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Social Media, Fentanyl a ‘Deadly’ Combination, DEA Warns

Photo by Danilo Alvesd via Unsplash.

The U.S. Drug Enforcement Administration (DEA) confiscated millions of counterfeit fentanyl pills and over 28,000 pounds of methamphetamine as of 2020 — an amount large enough to kill every American—according to the most recent data.

But keeping track of the transportation and distribution of fentanyl-laced pills has become more complicated, because drug traffickers are using social media to sell the pills, according to an Addiction Center study.

This presents an unprecedented problem, as roughly 85 percent of Americans have smartphones, many of them young people who are emerging as a major market for the pills, reports The Guardian in an analysis of the study.

“In California, where fentanyl deaths were rare just five years ago, a young person under 24 is now dying every 12 hours, according to a Guardian analysis of state data through June 2021,” said The Guardian. “That’s a 1,000 percent increase over 2018.”

In previous years, advocates were concerned about fentanyl-laced heroin or other street drugs, but with the popularity of social media, drug dealers are lacing commonly sought after prescriptions like OxyCotin, Xanax, and Adderall with the deadly drug — or replacing the prescriptions altogether with Fentanyl pills shaped and colored identically to the sought after drug.

The resemblance of the fake and deadly fentanyl pills are so convincing, it’s leaving many scrambling to end the epidemic, Addiction Center details.

“You can fake out your parents, your friends, your partner, law enforcement,” says Joseph Palamar, associate professor and drug epidemiologist at New York University, according to Addiction Center.

“Social media is the perfect drug trafficking tool,” Anne Milgram, DEA Administrator said in a press conference on Dec. 16, following the DEA’s discovery of more than 570 new cases stemming from a single law enforcement surge, linking 39 fatal overdoses.

Milgram described how of every fake pill the agency encountered, roughly 40 percent contained at least 2 milligrams of Fentanyl — an amount comparable to a few grains of coarse sand — and enough to cause a fatal overdose.

Looked at another way, the Guardian details how federal agents seized nearly 10 million counterfeit pills in the first three quarters of 2021 – more than the previous two years combined. According to the DEA, Tests conducted on the pills showed that two out of five of the counterfeits contained enough fentanyl to kill.

“Every drug you try now is a game of Russian roulette,” said Shabbir Safdar, director of the Partnership for Safe Medicines, a non-profit fighting pharmaceutical counterfeits.

Selling Drugs on Social Media

Law enforcement and other experts say that buying illicit pills has never been easier, thanks to dealers moving from the dark web onto younger and more-accessible platforms like Snapchat, Instagram and Craigslist.

To that end, the dealers aren’t just the same people that teenagers encounter in their high school hallways. Milgram said the DEA is uncovering social media connections to pills coming from production facilities in Mexico that are fun by drug cartels using chemicals from China, according to NBC News.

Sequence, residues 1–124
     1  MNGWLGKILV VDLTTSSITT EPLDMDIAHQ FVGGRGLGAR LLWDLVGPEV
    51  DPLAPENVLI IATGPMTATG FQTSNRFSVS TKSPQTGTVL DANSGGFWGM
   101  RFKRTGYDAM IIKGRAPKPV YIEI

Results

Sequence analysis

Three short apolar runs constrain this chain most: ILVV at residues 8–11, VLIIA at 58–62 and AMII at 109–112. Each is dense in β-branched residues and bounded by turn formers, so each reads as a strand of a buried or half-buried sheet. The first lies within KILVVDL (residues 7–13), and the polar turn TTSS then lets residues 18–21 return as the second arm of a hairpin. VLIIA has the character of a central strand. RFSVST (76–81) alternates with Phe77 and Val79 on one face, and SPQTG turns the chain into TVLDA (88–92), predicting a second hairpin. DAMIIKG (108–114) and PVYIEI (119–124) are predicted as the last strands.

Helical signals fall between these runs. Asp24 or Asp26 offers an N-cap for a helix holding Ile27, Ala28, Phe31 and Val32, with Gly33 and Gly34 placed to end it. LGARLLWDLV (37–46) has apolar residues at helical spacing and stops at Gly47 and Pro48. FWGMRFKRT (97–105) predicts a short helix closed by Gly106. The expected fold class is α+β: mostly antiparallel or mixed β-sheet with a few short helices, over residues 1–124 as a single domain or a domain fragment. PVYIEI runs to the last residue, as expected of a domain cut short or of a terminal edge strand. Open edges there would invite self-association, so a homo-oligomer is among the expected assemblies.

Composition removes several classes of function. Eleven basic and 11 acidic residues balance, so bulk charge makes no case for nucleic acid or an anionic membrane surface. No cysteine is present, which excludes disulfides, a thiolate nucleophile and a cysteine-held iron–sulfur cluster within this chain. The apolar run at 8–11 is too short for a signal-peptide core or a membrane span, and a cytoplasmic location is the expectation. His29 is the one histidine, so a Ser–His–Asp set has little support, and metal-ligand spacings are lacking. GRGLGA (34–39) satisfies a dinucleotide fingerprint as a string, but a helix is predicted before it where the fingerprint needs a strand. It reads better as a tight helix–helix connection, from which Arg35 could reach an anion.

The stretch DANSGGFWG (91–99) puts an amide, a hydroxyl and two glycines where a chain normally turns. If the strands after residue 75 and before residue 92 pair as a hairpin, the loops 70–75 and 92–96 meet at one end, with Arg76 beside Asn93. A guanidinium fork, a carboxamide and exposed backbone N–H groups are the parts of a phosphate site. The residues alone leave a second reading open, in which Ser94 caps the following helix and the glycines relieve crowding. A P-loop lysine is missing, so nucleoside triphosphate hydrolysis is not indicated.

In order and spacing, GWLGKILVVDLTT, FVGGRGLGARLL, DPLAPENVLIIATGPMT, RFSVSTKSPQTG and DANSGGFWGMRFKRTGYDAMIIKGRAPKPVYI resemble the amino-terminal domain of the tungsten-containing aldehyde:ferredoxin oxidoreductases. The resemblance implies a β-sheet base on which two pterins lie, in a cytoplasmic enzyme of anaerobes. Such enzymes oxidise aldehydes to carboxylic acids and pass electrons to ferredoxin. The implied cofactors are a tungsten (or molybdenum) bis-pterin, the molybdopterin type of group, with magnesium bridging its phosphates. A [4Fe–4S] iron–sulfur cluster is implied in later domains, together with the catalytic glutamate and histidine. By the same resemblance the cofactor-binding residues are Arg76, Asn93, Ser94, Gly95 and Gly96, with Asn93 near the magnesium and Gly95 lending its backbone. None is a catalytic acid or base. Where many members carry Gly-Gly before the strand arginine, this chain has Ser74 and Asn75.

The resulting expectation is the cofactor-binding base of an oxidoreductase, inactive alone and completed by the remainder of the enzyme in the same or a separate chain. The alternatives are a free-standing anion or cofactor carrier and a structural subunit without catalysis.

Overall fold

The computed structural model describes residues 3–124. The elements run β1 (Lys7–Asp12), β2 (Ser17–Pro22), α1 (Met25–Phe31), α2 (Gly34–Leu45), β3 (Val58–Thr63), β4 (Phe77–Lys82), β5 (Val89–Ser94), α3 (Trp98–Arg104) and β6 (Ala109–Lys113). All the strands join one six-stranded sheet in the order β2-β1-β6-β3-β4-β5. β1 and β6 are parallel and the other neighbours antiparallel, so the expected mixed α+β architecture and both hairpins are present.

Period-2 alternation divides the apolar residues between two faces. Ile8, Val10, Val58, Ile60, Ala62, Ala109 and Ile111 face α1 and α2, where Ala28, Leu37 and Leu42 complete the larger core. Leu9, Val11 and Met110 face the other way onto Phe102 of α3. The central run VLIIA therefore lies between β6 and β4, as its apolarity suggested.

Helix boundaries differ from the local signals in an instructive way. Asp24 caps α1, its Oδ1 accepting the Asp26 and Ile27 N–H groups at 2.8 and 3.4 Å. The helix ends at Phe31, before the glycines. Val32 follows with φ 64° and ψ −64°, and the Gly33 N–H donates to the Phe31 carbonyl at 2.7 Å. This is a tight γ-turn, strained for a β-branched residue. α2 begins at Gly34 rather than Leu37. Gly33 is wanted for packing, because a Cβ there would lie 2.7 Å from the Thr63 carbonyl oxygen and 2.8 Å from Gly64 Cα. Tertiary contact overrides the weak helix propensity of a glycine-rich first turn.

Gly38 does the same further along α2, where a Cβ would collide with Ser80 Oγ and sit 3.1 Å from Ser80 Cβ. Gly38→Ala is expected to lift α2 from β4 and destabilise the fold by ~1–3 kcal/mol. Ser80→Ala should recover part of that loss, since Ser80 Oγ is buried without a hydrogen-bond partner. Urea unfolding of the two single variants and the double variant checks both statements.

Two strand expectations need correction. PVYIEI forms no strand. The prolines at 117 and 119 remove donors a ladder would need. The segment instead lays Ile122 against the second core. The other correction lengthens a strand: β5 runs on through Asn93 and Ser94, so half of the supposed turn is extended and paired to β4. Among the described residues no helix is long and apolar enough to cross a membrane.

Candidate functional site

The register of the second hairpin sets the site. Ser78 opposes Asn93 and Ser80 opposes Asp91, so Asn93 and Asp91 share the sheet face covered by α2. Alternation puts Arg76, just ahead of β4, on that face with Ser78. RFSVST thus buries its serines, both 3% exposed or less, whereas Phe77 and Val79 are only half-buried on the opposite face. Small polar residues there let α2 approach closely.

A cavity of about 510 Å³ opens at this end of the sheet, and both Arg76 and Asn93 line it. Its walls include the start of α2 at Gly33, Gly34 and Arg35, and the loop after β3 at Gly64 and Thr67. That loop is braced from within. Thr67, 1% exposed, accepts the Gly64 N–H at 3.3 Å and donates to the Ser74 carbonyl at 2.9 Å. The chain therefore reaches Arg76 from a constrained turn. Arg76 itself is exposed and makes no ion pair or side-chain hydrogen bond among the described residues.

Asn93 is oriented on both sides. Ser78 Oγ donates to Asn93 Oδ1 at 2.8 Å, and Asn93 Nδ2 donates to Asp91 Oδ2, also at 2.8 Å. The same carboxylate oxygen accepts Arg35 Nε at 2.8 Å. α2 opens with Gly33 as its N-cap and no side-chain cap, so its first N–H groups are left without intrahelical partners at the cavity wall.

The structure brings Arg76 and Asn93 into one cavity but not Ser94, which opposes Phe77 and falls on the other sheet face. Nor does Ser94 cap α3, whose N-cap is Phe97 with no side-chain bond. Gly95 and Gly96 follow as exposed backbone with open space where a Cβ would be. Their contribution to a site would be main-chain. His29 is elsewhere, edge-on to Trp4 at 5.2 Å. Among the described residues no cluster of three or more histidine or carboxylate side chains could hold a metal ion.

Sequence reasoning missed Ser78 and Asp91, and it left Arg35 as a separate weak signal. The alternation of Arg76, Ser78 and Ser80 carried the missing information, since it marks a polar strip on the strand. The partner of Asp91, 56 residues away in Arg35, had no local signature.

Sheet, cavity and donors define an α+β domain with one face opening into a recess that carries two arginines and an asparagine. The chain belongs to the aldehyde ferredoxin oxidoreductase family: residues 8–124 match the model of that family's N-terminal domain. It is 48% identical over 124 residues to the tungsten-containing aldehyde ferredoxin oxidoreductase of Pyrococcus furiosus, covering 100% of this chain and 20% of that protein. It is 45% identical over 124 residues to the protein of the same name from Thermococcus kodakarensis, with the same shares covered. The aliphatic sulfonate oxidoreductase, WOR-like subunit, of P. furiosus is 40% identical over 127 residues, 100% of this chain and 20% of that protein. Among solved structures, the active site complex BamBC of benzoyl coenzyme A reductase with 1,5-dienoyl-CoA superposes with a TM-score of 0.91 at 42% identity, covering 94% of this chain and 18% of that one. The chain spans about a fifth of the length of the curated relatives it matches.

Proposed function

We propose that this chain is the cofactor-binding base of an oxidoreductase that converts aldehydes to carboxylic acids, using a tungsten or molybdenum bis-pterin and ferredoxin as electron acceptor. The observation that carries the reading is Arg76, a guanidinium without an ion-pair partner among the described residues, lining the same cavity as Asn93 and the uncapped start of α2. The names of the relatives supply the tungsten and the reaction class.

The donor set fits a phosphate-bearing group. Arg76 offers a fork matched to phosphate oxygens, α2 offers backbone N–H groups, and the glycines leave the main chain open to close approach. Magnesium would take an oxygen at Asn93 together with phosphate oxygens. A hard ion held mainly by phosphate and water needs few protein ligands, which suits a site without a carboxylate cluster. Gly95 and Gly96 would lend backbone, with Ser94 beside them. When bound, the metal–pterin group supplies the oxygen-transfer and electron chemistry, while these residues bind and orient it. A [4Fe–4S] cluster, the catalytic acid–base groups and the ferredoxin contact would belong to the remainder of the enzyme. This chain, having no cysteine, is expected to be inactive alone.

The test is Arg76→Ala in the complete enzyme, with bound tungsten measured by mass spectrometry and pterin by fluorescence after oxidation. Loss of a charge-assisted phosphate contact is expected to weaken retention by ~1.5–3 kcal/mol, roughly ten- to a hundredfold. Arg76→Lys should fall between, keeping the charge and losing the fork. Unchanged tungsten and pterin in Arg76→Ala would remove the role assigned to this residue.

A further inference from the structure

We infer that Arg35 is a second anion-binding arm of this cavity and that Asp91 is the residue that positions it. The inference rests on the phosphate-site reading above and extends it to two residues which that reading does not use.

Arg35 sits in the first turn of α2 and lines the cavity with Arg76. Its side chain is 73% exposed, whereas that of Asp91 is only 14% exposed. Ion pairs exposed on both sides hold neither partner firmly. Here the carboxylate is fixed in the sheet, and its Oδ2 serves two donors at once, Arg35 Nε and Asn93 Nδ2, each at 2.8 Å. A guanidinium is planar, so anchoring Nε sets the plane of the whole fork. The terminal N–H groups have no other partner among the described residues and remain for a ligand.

“The cartels have harnessed the perfect drug-delivery tool — social media applications that are available on every single smartphone in the United States,” Milgram told NBC News.

A report released in December by the Tech Transparency Project (TTP) found that Instagram offers an instant “drug pipeline” for kids, making it possible for them to find Xanax, ecstasy and opioids in just a few clicks.

In June 2020, according to the Guardian, a 14-year-old boy was found unconscious in his bedroom in Orange county, California — a nearly full bottle of pills was found in his room after he had died.

“[He] had taken one pill that he thought was Oxycontin – one pill. I had no idea that one pill would kill him,” said his mother, as quoted by the Guardian “He had ordered an illegally manufactured pill right off of social media as easily as ordering a pizza.”

In September of last year, a 20-year-old in Long Beach had a bottle of 15 pills delivered to where he was staying with his grandmother after complaining that he couldn’t sleep and ordering from a dealer on Snapchat.

The next morning, his family found the pharmaceutical bottle with one pill missing.

His family shared screenshots with the Guardian of his Snapchat account where he conversed with an advertiser offering free delivery of “Oxy.”

“Hit my line, doing hella deals the rest of this week,” one post read.

Jennifer Park Stout, vice-president of global public policy at Snap Inc., which created Snapchat, said in an October Senate hearing that Snapchat had dramatically increased its efforts and was “absolutely determined to remove all drug dealers” from its site, according to the Guardian. Stout also said the company had “deployed proactive detection measures” to remove drug dealers, but “they are constantly evading our tactics”.

In a statement to the Guardian, Kelsey Donohue, a spokesperson for Snap, said the company was “determined to do our part to eradicate drug sales on Snapchat.”

Donohue listed several steps Snap has taken, including raising awareness of counterfeit pills directly in the app, using machine learning to proactively detect drug-related content, and working with law enforcement and other experts.

“We constantly evaluate where we can keep strengthening our work to combat this illegal activity,” Donohue concluded.


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